Nominal market: 20 bid, offered at 21

  • At maker-taker exchange, the net market is20-0.3=19.7 bid, offered at 21.3=20+0.3
  • At taker-maker exchange, the net market is20+0.3=20.3 bid, offered at 20.7=21-0.3
  • The market will tick up by alternating between exchanges.
    • 19.7 at M-T, then 20.3 at T-M, then 20.7 at M-T, …
exchange pricing problems
Exchange Pricing Problems
  • At best, taker-maker coupled with maker-taker is a convoluted system for price competition.
  • How large should the tick be?
      • Buy-side traders need to be aware.
  • Agency problems arise when access fees and liquidity rebates are not passed through to the beneficial account.
    • Algorithms and buy-side trade desks may game their customers.
dark pools
Dark Pools

Dark pools are off-exchange systems that match buyers to sellers.

  • They may provide special services to a clientele.
    • Large institutions use LiquidNet to arrange low impact trades.
  • They also may facilitate exploitation of agency problems among brokers and their clients.
    • Internalization and order preferencing to favored dealers.
dark pool fears
Dark Pool Fears
  • The growth of dark pools has raised fears about the quality of the lit exchange markets.
    • Not surprisingly, the exchange markets and those who use them are most concerned.
  • The concerns are theoretically well-founded but current evidence does not indicate that the issue is now material.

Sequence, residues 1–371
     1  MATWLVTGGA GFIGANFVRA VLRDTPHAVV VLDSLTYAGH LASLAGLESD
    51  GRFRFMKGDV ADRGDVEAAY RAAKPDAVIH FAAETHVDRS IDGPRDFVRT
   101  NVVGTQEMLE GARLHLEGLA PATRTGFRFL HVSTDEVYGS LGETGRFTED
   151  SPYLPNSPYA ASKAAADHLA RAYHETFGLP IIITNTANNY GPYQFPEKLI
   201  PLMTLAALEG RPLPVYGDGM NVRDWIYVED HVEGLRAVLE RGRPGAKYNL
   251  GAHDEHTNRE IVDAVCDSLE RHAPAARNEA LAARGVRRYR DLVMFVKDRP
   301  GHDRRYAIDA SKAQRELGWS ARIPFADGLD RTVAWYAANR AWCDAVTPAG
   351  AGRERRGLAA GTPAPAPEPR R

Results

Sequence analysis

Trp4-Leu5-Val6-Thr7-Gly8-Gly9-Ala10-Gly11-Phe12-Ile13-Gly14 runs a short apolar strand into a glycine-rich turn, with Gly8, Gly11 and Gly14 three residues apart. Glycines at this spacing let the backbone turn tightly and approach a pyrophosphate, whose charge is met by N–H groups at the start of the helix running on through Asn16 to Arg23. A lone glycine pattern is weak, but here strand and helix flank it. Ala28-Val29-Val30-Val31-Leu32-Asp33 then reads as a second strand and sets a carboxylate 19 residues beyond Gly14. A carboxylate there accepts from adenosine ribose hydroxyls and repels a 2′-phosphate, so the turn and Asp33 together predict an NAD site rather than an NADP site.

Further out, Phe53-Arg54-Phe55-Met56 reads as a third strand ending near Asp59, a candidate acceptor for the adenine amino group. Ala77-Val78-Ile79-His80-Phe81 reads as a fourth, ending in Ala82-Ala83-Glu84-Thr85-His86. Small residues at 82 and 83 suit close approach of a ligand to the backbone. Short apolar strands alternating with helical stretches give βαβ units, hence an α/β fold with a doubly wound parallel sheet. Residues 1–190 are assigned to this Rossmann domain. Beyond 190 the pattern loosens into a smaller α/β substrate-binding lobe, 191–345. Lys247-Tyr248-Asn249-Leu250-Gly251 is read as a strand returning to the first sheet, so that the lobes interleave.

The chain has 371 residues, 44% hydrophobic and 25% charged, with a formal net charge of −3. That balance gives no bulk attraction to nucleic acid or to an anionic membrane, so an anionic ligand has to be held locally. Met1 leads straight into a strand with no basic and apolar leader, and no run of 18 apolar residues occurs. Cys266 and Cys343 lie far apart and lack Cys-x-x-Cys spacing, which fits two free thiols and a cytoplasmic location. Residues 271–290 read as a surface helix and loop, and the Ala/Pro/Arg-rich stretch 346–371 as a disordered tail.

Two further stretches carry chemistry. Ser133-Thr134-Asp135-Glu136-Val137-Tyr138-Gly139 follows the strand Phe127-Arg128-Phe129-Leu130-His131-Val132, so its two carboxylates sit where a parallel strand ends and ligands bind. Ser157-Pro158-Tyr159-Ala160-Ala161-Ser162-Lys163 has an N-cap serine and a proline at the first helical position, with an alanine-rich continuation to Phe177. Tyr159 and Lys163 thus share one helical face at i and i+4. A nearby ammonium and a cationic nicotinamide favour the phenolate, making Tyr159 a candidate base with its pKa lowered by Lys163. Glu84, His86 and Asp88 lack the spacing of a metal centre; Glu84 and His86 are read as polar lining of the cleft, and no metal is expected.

• Arbitrage holds the markets together.
    • At some cost.
final comments
Final Comments
  • Electronic markets and electronic trading have changed how people trade.
  • The sell-side has reacted and so must the buy-side.
  • These new systems pose some regulatory problems, but overall, the markets are working well.
what should regulators do
What Should Regulators Do?
  • Maximize the private benefits of utilitarian traders without which the markets would not exist.
  • Maximize the externalities that markets produce for everyone by facilitating better
    • Primary capital accumulation and allocation
    • Allocation of secondary (seasoned) capital to corporate managers
    • Risk sharing
topics we could discuss further
Topics We Could Discuss Further
  • Internalization, order preferencing, and payments for order flow
  • Subsidization schemes for designated dealers and market-makers
  • Regulation of best representation for limit orders
  • Transaction taxes
  • The costs of communications bandwidth
more potential topics
More Potential Topics
  • Free rider problems involving the provision of regulatory services by exchanges
  • Why buy-side traders always complain about market structure
  • Front running of orders in correlated securities and contracts
  • Exchange governance
  • Fixed income market structure